Sunday, May 15, 2016


I was thrilled to receive this wonderful surprise-gift yesterday from my friend Kiyoko, who has attended several of my forage walks, and who joined us yesterday in Inwood: Unripe ume (Prunus mume) - very hard to find.

Don't eat them raw, said Kiyoko. You will die.

She also provided a recipe for making ume syrup - you pack them in sugar, after pricking holes in each fruit and turning them every day. They will ferment, a little. I am very excited. Last year Kiyoko gave me a gift of her own homemade ume syrup and it was delicious. Also good for sore throats, she says.

In other preserving and fermenting tales, I must bottle my by-now-very-fizzy-after-8-days autumn olive flower cordial as well as the decidedly-not-fizzy rhubarb cordial and a pine-tip and dandelion cordial. Each tastes very much of the chief ingredient, but of course the bubbles are the most fun.

There is one more spring forage walk - Fort Tryon, this Saturday. After a catastrophic commute to the one in Inwood, I may leave at daybreak to beat the MTA (Metropolitan Transport Authority) at its own game.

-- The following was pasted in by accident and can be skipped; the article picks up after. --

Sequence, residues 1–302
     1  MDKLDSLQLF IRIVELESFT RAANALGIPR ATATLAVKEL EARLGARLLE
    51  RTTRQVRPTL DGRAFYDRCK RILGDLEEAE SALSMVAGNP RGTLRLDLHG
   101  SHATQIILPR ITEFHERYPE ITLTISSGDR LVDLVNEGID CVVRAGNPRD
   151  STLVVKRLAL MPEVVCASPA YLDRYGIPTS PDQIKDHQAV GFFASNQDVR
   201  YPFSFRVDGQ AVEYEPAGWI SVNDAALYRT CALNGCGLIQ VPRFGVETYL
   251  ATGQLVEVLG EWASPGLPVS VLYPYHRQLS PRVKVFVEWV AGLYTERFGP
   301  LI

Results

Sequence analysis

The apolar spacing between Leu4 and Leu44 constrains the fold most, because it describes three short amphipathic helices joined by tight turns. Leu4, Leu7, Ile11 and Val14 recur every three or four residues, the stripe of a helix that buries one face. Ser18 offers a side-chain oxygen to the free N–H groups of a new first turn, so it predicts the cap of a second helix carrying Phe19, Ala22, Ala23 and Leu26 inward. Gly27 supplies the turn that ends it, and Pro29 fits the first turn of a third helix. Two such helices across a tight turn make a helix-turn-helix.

Other news? We now have a seven foot long table in the garden. Pictures to follow.


  1. Oh wow! I literally stare at this little fruit's DNA sequence every day, looking for genes to protect it from disease, and didn't expect to find it here on your blog today. We think of it as a plum, though genetically it's more like an apricot. The diversity in the genus Prunus is truly staggering, and I learn so much every day.

    1. Really!? Yes, now that I've worked with them they are much more apricot-y in feel, too.

      Is it very susceptible to disease?

    2. Disease susceptibility varies from cultivar to cultivar, of course, but in general it can be afflicted by the same kinds of diseases as other plants in the peach genus: anthracnose, cankers, leaf spot, powdery mildew, and plum pox virus. It seems like the actual incidence of disease in P. mume specifically is pretty low, so I wouldn't be all that concerned.

  2. I just saw this recently...

    tis the season I suppose.


    1. Fabulous link, Jake, thank you! My ume are in sugar already, but I am totally doing her next step, once I have the syrup (100 days! the suspense...).

      I feel I owe you a comment for a previous interesting comment you left...scratches head.

  3. Fascinating! I've been taking macrobiotic classes and we use umeboshi ("dried plum") vinegar. I never saw the unpickled fruit until your picture!


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